Vim is best modern terminal editor due to its compatibility with Vi and extensibility allowing it to rival Emacs. Be careful to avoid becoming too dependent on vimisms which can destroy the ubiquity of your Vi muscle memory, which is the single greatest advantage of becoming proficient with Vi in the first place.
What About NeoVim?
Vim is the standard editor included on all Linux systems by default. That should be reason enough. But there is actually no compelling reason to use NeoVim anyway.
- Use TMUX instead of panes.
- No one cares about the codebase and developer team drama.
- Vim is more modern than NeoVim these days.
Hell, Vim even has floating panels now that NeoVim does not if you are into that sort of thing. NeoVim simply fails to provide a significant alternative value proposition.
What About Graphical Vim?
Sure it’s nice, but the main reason to learn a terminal editor is to take advantage of the powerful possibilities of full shell integration, which is simply not possible from the graphical version — especially when running from Windows.
What About Emacs?
Even if your workflow and projects would benefit from learning Emacs learn Vi anyway.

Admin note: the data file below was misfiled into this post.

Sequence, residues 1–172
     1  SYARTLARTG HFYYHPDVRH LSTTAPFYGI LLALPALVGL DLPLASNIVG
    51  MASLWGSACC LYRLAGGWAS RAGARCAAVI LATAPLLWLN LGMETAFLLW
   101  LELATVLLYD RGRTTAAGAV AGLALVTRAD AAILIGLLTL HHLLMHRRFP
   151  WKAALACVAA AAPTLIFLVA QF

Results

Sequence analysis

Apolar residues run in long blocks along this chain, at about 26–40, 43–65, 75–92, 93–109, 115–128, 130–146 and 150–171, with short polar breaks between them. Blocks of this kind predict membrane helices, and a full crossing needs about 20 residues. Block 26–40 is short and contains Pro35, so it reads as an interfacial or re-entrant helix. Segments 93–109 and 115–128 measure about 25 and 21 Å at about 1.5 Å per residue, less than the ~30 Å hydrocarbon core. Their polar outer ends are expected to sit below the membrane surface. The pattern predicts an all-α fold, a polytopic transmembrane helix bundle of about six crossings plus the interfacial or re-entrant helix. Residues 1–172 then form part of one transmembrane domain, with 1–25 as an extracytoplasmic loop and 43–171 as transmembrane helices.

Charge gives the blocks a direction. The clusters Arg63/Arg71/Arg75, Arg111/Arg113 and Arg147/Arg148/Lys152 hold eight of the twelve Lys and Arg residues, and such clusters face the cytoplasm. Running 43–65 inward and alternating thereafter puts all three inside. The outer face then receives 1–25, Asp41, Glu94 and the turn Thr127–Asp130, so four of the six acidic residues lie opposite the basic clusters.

vi command is already on your Unix/Linux machine. That’s the beauty of it. However, you might want to get the full version of
vim if this is your workstation or you want to use
vimtutor for learning.
Configuring Vi/m is critically important to be effective. It is usually good to start with a configuration from someone you trust and alter that to your needs. Keep your
~/.vimrc configuration light-weight and portable and add it to your dotfiles configuration project repo. When done right you won’t even have to install any additional plugins because they’ll be installed automatically. The linked configuration does just that and keeps it under 184 lines that can be easily and quickly be copied to any system.
Vim plugins are a great source of power when used judiciously. The leading plugin manager is currently Plug, which can be automatically downloaded and called on to install plugins when it is first launched in a way that does not interfere with other dotfiles that you might have saved in a Git repo.
The best way to learn Vim is to use Vim. (Now there’s a surprise.) This is why
vimtutor is currently the best learning tool. It isn’t complete and has flaws but is better than anything else because it actually is Vim. After that maybe try some of the others.
Make absolutely sure that you properly learn to use shell integration with the magic wands before you conclude your beginner Vi training. You simply do not know Vi without them and every single tutorial on the planet leaves them out. You seriously cannot say you know Vi without understanding the single most powerful feature of the world’s most ubiquitous editor. There is little need for additional Vim plugins when shell integration is properly understood.